Would like your professional opinions - which is better?

Discussion in 'Displays' started by MarkDude, Jul 22, 2006.

  1. MarkDude

    MarkDude Stunt Coordinator

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  2. Joseph DeMartino

    Joseph DeMartino Lead Actor

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    I have to wonder how two sets with such similar specs can be going for the same price when one includes a built-in DVD player and the other doesn't. [​IMG] Is the DVD unit an older or inferior model about to be discontinued? I'm not familiar with either unit, but that's the question that first came to my mind.

    Other than that it seems like six of one and half-a-dozen of the other. You mention being a college student, so some additional information would help folks advise you:

    1. Do you live at home, in a dorm, or in a off-campus apartment (shared?)

    2. Will the TV move back and forth with you? Start and end of each academic year? Each semester? Never? (Each of the sets you're looking at weighs over 100 lbs., so this is something to think about.)

    3. How much is space an issue where you are now? Would something that could double as a computer monitor make sense for you?

    4. What is your HD programming source at school? At home? (Over-the-air antenna? Cable? Satellite?)

    5. How long until you graduate? How long do you anticipate the TV you buy today being the main TV in your home theater?

    Regards,

    Joe
     
  3. MarkDude

    MarkDude Stunt Coordinator

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    I was wondering the same thing, especially since they're both Toshiba. Is the TheaterWide feature and the fact that it's flat-tube more important than the other one's built-in DVD player/USB input?

    1) I'm living in a 1-bedroom apartment (by myself) with a pretty spacious living room.

    2) I just signed a 13-month lease, so this'll be staying in one spot for at least a year.

    3) I am not cramped in terms of space. I've got my computer/monitor already installed, so that's not an issue.

    4) Right now I don't have anything but I will be getting digital cable installed early next week.

    5) I'm graduating next year, with no idea of where I'll end up living after that. Chances are good I'll be moving out to the West coast, but I do plan on being able to move this TV, even if it is 100+ pounds.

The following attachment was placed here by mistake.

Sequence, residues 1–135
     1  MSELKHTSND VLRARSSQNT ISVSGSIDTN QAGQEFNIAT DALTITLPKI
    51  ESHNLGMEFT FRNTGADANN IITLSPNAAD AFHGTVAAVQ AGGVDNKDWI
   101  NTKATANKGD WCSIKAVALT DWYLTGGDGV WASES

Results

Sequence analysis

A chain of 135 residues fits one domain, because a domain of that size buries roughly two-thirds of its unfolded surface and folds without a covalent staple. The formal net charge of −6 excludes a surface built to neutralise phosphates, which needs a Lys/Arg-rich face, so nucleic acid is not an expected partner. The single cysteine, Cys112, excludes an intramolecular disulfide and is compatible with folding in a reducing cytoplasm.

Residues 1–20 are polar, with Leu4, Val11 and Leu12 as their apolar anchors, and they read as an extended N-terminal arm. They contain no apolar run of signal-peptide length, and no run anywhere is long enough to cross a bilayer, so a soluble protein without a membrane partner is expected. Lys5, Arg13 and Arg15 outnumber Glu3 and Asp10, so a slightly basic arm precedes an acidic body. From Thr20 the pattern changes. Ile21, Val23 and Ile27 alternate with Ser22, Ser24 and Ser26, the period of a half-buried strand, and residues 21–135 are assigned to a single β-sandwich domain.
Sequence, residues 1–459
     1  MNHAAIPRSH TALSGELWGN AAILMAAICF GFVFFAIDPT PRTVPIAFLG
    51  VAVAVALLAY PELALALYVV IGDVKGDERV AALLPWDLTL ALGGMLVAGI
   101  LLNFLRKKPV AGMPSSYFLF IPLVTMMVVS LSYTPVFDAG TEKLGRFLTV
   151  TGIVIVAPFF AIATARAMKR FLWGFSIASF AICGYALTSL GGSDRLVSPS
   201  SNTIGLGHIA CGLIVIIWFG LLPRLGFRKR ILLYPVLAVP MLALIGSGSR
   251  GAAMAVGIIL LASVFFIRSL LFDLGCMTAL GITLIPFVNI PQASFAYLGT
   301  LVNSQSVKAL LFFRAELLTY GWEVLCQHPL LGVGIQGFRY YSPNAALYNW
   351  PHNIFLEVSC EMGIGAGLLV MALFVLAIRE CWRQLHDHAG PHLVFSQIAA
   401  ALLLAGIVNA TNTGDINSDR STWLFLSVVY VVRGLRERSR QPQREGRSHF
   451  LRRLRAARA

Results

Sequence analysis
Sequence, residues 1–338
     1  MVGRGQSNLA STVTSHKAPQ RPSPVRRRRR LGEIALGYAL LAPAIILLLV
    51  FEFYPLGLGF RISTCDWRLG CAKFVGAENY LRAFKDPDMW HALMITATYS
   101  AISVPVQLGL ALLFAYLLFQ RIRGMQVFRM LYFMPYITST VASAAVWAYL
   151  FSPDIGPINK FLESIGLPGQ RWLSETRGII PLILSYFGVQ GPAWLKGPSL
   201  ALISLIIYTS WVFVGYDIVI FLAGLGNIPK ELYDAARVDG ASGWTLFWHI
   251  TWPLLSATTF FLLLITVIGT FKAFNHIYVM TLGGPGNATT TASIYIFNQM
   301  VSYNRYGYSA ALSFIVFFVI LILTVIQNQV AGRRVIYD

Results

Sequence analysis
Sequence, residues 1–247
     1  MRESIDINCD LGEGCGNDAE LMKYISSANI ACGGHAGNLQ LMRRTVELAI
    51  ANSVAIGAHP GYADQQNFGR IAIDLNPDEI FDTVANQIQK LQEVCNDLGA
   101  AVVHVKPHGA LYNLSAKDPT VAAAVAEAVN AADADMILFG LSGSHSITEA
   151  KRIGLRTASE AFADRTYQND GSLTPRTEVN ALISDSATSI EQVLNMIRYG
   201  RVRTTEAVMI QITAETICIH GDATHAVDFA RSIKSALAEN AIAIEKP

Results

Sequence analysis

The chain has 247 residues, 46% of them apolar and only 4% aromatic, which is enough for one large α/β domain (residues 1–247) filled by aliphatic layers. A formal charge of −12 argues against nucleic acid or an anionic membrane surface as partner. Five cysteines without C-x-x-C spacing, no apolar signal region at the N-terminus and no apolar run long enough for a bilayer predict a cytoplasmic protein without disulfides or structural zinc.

Thanks for your help!
     
  4. Joseph DeMartino

    Joseph DeMartino Lead Actor

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    Thanks for the info. If your some of your answers had been different I would have suggested that you consider some of the newer LCD flat-panels like the Westinghouse 27" (for $799) that was in your search results. But in your situation and if a 30" is a big enough screen for you to comfortably watch 4:3 material (which is going to be smaller on a 30" widscreen than it would on a comparable 30" standard set, just was widescreen material will be larger), then a direct view CRT is the way to go in terms of both price and picture quality.

    I still don't know what the techinical differences between the sets amount to, but given the identical price, they have to be there. As far as I know "Theaterwide" is not a "feature", just a name that Toshiba puts on its widescreen TVs. I bought a 56" Toshiba "Theaterwide" analog rear projection set before digital and hi-def sets were an option. And, according to the product specs and pictures, both these sets are 16:9 and both have flat screen CRT picture tubes.

    Looking at the product specs there don't seem to be many differences apart from the number and types of inputs and outputs, none of which would be cripplingly bad if you don't have a ton of components to connect. However, I'm not sure I trust the spec sheets because one has a glaring mistake - technology type is given as "LCD Panel", which it clearly can't be at this price.

    I hope some owners of one or both contribute to the thread before the sale ends. If not, I'd go to the store and eyeball both, check the connectors and make sure each has enough for whatever you plan to do, and then by the one that looks best. You get a free DVD player with one, but even Toshiba standard-def DVD players aren't expensive these days. I tend to avoid combo units because if one part breaks I don't have either while it is being fixed, but YMMV.

    Good luck with the selection and with school.

    Regards,

    Joe
     
  5. Reginald Trent

    Reginald Trent Screenwriter

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    I never recommend buying a TV with built in VCR and or DVD because if the DVD goes out you have to take the TV to the shop also. Meaning you would be without one or the other if either ever has to be taken in for repairs.
     

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